Other than using an old version of WordPress or maliciously poorly coded or out-of-date themes and plugins, the most common hacking method is brute force attack. These attacks involved software built specifically to crack your password by attempting to guess your password over and over again, and tell it is guessed correctly if an opening is found. Your entire site may then be susceptible to malicious activity depending on the permissions of the hacked account. If it’s an administrator account the hacker would have complete access to upload download and view information about all of your users.
This alone would allow the hacker to corrupt your files destroying your site and making you and all of your users susceptible to identity theft. Even blocking you from accessing your own site.
How do You Defend Against Brute Force Attacks?
Firstly you need to make sure each of the users on your network create a unique username when installing WordPress. If left to a script or some sort of automatic installation the administrator of the website will typically be given the username admin. It is highly recommended that you remove this username from your site completely. In order to access the WordPress dashboard you need to enter a username and password that match. If you leave admin as a username you are basically handing password cracking software the first piece of a two-part puzzle, as admin is the most common WordPress username. When choosing and creating a username it’s best not to use your name, your business’s name or any part of your web address. These are dead giveaways – make your username unique!
Secondly it’s important to create a secure password. Passwords like: ”letmein, pa$$word, using dollar signs for the SS, your user name backwards or a date of birth” – even if it is followed by a number are some of the most common passwords people use. For the most secure password use a password generator. Password generators create password by randomly selecting letters numbers and symbols. This combination will help ensure your password is harder to crack. If you struggle to keep track of your passwords it may be worth your while looking into purchasing a password generator and storage software like1password. Another great solution is creating a passphrase instead of using a single word. A passphrase is a few small words such as “CorrectHorseBatteryStaple”. Including capital letters lowercase letters and symbols into a long pass phrase will do much to strengthen your site against warring off password crackpots. Another measure you could try is setting up authentication with a plugin such as Google Authenticator. The plugin works by sending a unique code to your android, iphone or blackberry device. Each time you want to log in the code expires after a short time and because your site is directly linked to your mobile device you are the only person who should be able to retrieve a code for each log.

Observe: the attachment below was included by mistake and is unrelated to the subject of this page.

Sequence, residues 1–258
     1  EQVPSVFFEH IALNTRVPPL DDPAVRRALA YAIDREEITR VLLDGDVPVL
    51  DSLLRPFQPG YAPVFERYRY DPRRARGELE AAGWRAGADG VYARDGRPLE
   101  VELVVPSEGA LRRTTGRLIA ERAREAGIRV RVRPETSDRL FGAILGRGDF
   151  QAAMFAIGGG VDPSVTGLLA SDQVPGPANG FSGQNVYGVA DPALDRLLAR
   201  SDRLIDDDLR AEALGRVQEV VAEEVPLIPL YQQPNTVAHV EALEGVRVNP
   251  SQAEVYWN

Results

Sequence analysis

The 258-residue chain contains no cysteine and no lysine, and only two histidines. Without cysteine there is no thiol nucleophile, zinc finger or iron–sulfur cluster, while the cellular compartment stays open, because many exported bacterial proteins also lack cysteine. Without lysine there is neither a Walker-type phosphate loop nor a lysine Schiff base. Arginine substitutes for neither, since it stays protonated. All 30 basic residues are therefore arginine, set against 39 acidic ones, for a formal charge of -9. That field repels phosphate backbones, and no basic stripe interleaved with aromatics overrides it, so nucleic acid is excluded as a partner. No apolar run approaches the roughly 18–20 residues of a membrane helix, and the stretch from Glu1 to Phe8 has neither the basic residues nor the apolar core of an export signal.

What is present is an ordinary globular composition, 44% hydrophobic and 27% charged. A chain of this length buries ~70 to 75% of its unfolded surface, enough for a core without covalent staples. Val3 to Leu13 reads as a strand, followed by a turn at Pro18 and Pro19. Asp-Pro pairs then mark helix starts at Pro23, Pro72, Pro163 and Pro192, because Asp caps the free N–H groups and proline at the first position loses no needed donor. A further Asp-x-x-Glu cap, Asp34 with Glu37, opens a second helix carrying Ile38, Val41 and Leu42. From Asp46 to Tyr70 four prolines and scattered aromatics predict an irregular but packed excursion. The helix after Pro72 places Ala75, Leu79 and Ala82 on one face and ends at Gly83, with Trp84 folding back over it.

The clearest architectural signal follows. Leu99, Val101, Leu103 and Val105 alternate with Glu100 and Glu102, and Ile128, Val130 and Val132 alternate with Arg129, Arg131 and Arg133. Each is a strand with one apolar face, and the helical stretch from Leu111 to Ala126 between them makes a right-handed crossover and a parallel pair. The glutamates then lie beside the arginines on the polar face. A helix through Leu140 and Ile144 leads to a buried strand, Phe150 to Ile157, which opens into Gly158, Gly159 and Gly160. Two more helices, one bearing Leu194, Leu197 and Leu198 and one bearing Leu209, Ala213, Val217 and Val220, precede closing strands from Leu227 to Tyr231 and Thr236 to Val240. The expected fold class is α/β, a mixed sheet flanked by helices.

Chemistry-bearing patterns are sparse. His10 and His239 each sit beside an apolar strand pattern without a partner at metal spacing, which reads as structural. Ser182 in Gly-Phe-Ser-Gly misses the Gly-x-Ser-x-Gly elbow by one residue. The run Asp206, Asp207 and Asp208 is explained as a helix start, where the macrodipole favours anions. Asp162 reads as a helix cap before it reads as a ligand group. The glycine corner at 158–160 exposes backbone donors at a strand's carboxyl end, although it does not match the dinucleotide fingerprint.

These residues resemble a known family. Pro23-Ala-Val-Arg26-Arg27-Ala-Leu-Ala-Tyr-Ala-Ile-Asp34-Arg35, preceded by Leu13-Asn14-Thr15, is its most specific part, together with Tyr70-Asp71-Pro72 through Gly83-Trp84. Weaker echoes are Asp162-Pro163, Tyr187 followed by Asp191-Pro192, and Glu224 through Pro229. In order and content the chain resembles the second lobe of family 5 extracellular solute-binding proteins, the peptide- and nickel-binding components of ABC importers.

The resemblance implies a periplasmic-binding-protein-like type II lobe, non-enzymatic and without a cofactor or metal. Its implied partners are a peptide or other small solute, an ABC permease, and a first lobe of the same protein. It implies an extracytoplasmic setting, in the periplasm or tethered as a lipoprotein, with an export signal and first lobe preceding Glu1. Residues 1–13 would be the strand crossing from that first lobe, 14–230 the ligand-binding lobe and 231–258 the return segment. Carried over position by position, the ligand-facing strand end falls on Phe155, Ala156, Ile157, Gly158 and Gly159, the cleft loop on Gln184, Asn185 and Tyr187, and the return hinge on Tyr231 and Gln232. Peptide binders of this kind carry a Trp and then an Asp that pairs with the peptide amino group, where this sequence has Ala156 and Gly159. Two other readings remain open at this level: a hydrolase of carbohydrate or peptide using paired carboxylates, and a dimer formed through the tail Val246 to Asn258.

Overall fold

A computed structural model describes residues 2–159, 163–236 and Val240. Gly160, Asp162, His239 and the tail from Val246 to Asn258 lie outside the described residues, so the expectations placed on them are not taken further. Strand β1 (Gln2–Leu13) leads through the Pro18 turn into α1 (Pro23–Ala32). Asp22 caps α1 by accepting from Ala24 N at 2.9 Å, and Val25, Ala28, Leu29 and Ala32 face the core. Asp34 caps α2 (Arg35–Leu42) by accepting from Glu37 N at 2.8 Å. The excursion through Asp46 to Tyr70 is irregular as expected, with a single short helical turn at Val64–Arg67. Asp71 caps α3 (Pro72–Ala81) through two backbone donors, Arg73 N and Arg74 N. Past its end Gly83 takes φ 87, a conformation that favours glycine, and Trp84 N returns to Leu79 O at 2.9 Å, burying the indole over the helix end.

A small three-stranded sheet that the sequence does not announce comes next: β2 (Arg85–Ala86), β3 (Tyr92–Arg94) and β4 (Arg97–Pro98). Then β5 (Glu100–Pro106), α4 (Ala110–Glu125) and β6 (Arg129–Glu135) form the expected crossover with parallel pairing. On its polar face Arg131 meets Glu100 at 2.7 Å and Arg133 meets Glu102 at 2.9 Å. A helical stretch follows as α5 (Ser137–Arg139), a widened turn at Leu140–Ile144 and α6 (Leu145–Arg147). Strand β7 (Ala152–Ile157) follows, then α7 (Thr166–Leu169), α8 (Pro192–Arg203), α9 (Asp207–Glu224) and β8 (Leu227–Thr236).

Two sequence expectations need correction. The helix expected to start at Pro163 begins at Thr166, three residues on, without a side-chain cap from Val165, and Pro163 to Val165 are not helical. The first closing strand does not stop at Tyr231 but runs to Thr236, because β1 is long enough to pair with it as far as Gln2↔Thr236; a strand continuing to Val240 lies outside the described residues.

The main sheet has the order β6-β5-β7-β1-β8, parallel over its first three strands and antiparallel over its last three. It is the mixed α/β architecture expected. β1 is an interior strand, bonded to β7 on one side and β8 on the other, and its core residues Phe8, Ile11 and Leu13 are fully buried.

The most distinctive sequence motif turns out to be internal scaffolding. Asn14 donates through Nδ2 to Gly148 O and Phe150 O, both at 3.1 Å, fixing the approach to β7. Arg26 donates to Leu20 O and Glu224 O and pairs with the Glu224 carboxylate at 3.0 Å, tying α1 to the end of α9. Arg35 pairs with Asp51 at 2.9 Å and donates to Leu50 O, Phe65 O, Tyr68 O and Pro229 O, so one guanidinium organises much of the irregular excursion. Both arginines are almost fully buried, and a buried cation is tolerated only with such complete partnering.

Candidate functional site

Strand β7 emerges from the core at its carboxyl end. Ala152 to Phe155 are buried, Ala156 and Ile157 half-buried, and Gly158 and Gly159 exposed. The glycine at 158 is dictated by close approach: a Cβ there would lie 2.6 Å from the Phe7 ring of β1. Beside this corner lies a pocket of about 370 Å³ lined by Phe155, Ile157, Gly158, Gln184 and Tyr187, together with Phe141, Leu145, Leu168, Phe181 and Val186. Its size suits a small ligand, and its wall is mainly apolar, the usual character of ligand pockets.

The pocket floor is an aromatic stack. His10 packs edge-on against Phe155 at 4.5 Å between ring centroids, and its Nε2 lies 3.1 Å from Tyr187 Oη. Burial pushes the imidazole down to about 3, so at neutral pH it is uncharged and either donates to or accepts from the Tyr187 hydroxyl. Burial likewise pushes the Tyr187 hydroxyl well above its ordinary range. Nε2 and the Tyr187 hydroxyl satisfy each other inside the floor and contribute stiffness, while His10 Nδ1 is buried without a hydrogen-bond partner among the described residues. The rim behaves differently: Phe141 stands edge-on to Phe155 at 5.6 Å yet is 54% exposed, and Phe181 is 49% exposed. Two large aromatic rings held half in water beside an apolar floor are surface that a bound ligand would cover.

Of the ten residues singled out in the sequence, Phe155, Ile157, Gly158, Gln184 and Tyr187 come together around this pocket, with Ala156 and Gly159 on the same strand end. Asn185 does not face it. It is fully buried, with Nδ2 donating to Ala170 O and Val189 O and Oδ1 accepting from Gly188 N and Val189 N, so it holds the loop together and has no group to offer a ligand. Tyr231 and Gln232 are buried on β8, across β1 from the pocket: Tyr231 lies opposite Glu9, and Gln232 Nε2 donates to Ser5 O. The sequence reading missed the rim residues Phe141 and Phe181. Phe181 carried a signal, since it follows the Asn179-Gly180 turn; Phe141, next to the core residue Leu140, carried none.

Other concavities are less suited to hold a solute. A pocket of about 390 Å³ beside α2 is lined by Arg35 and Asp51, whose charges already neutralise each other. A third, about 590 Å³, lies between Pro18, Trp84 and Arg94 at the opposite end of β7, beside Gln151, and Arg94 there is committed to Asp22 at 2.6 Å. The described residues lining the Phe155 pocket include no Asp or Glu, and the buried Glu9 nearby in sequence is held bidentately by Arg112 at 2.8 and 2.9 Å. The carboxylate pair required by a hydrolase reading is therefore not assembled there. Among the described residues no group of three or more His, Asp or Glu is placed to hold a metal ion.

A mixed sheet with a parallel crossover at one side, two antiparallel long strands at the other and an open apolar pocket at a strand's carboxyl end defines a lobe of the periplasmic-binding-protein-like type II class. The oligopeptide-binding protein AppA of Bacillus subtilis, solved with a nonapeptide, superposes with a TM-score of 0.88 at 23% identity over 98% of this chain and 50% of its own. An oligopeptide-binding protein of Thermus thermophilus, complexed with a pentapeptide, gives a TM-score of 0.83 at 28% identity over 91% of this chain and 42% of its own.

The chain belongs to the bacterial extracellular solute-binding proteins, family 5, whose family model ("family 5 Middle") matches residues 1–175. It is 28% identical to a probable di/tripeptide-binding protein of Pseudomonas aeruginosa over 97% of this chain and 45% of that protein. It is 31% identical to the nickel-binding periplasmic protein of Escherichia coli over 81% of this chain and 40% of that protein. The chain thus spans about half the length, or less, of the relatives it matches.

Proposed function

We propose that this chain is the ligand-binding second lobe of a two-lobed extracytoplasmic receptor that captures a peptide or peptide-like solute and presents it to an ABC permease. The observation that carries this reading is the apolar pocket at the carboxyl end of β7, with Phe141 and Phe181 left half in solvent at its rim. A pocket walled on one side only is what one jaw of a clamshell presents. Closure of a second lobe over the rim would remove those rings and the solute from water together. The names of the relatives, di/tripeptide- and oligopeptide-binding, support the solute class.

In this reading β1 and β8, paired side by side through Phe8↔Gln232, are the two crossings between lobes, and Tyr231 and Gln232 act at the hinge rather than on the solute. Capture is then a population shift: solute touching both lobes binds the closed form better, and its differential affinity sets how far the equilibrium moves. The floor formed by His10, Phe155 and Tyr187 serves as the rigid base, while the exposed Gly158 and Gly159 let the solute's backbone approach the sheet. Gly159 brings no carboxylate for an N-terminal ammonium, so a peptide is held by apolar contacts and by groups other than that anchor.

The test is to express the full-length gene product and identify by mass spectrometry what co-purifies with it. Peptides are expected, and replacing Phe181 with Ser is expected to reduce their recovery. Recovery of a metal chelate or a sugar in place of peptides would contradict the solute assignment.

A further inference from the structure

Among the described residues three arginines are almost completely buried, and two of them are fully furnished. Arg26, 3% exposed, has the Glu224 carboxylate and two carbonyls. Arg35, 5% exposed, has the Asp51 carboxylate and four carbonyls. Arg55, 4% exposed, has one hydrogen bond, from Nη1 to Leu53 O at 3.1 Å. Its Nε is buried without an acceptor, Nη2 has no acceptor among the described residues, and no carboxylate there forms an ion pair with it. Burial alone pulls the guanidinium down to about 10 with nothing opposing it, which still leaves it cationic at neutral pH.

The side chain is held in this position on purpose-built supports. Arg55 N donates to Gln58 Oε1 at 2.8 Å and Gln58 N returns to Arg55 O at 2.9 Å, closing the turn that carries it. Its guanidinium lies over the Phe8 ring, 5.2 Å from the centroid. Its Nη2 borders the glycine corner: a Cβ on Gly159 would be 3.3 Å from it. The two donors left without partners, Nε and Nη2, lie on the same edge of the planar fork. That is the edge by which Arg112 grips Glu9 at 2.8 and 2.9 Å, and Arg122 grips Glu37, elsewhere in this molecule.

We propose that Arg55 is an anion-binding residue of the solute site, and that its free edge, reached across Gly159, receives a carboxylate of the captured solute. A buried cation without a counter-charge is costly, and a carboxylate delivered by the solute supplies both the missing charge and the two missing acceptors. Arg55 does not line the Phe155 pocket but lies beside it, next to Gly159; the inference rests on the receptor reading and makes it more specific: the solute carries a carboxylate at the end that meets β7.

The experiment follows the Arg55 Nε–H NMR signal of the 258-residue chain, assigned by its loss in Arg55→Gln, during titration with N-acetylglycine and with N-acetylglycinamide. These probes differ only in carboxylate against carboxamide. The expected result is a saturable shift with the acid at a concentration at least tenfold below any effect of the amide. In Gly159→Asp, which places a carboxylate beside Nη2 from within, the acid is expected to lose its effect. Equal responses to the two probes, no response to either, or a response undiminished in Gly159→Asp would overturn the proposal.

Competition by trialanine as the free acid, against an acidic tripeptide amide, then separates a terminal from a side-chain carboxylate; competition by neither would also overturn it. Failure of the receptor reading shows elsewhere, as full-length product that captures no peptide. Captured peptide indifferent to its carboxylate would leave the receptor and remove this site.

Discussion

And finally, if you have other users connected to your WordPress site only grant them permissions to access exactly what they need from the backend. Take advantage of the varying user permission settings WordPress makes available. You can access user permissions under Users -> Settings in the WordPress admin sidebar. These five measures alone when managed properly will help secure your website. From this point on we will look at other ways to take your security to the next level.